Junior nursing major Stefany Ortega knows what it takes to run a successful campus organization. She co-founded the Cumberland FUTURO chapter, an inclusive, professional community that creates opportunities for career growth and civic engagement, in 2016. During its first year on campus, the group had 25 active members and was named the Best Student Organization for Programming and Participation by CU Student Life.
Throughout the duration of the CU chapter of FUTURO’s founding year, Ortega served as president of the organization. In the summer of 2018, Ortega was named a top FUTURO student in the state – for which she was invited to attend the Association of Latino Professionals For America Conference (ALPFA) in Las Vegas. The conference provided her the opportunity to enhance her professional and leadership skills. Today, the club continues to grow on campus, something that Ortega said she is incredibly proud of.
However, starting a campus organization that thrives is no small feat, and her advice to fellow students looking to do the same is to reach out to mentors.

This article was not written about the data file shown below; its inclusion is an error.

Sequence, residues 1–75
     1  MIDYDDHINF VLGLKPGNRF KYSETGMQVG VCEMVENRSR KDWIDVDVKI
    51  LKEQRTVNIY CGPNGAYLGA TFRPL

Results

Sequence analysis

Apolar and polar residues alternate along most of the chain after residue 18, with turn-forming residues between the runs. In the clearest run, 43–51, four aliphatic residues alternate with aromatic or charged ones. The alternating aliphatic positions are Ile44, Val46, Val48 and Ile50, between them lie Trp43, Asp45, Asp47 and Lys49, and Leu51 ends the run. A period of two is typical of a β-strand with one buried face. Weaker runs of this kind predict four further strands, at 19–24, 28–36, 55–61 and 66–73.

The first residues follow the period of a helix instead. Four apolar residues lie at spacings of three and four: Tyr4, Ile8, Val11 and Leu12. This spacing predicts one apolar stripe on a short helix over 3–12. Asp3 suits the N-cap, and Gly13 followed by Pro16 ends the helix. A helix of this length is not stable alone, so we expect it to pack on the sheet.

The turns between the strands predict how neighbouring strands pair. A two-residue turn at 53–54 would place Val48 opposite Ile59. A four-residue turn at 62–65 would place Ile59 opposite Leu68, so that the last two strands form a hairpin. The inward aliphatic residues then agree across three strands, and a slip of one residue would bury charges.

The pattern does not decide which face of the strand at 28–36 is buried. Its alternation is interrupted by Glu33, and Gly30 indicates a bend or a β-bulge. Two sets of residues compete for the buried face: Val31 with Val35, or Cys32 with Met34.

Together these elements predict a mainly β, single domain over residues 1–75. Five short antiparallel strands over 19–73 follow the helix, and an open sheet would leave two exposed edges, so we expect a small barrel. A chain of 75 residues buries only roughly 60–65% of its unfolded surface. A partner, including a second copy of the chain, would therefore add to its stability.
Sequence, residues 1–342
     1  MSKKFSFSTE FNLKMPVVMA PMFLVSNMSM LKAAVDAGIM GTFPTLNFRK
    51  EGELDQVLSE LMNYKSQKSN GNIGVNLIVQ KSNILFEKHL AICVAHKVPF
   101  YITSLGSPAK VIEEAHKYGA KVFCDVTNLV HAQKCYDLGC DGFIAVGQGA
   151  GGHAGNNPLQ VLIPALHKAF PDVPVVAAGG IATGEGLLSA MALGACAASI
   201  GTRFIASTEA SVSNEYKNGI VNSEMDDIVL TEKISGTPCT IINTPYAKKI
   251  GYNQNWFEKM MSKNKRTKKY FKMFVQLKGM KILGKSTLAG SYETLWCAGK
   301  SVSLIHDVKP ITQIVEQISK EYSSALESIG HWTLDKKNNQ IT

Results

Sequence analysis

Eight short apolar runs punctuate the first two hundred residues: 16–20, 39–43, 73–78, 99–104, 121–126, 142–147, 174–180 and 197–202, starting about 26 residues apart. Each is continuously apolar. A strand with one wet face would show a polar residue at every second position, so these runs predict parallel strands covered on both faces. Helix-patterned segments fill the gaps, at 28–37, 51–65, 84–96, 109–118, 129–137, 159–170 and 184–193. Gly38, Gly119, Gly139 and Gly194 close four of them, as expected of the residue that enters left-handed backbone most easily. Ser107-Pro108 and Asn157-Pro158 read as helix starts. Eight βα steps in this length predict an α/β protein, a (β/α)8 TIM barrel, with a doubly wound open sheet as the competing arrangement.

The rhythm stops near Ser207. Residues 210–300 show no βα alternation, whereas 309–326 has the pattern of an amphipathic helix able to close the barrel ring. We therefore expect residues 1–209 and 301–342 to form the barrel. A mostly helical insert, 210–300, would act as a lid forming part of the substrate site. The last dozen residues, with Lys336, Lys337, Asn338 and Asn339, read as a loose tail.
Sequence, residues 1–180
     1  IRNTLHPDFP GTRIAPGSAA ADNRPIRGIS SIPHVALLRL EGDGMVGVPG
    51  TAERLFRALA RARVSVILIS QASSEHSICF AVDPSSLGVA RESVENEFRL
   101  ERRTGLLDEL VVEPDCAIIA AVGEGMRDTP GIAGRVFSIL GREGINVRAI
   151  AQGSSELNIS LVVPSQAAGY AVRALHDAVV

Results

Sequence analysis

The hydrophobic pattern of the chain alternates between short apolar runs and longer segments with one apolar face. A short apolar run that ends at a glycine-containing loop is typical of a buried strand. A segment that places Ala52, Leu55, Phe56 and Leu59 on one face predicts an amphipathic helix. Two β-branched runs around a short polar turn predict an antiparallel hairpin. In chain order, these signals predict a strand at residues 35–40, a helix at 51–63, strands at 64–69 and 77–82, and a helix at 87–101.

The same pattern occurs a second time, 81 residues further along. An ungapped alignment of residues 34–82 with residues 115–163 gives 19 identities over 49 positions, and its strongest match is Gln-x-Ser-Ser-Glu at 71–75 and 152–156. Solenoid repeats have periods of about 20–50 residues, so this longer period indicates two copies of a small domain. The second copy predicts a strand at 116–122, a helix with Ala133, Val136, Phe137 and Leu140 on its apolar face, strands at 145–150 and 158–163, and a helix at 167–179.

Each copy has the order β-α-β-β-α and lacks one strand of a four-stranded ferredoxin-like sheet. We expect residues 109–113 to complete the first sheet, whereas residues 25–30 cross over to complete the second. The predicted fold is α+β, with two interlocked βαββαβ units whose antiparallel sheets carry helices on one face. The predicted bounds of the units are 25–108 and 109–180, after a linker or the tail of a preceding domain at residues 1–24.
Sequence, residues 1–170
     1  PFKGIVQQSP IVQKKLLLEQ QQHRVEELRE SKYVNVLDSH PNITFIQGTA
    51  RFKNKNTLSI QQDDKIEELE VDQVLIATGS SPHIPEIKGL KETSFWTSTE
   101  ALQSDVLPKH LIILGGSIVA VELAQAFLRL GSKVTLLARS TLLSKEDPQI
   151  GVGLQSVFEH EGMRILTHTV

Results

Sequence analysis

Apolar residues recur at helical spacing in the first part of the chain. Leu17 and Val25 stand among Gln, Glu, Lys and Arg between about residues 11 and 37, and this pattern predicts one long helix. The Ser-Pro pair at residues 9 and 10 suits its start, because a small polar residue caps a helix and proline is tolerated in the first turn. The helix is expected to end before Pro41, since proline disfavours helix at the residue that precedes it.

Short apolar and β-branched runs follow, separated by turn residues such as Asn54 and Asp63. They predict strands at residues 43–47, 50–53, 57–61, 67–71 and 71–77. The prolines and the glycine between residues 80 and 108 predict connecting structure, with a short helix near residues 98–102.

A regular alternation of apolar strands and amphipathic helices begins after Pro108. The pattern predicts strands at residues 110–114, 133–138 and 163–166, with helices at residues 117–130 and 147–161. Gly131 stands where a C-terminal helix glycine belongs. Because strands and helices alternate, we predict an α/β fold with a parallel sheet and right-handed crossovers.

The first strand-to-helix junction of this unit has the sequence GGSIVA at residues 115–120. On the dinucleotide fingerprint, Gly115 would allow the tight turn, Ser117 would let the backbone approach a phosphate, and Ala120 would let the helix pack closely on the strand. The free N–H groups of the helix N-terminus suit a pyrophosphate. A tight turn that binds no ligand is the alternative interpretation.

“I believe that having help from advisors is important,” Ortega said. “Just accept the help, and don’t be afraid to ask for help because you do want to see it succeed and you want to see it grow.”
Ortega also spends her time on campus as a member of Gamma Beta Phi and as a Presidential Ambassador, a position that allows her to welcome new and prospective students to Cumberland.
“I believe that being here at Cumberland will really help me so much,” Ortega said. “Not just in helping me learn how to be a good nurse but also how to communicate with my peers. Cumberland gives you that opportunity to be involved in so many activities and organizations.”
Ortega’s goal is to become a nurse after graduating, a passion that she says stems from wanting to help others. To achieve this goal, Ortega plans to utilize all of the resources available to her at Cumberland.
“I love being here at Cumberland – it’s fun. I like how it’s a small university, but you feel like you’re still in a big school,” Ortega said. “You have a sense of community and family. People know you here, and it’s easy to get to know the professors because the professors want to get to know you, they want to see you succeed. They are accessible.”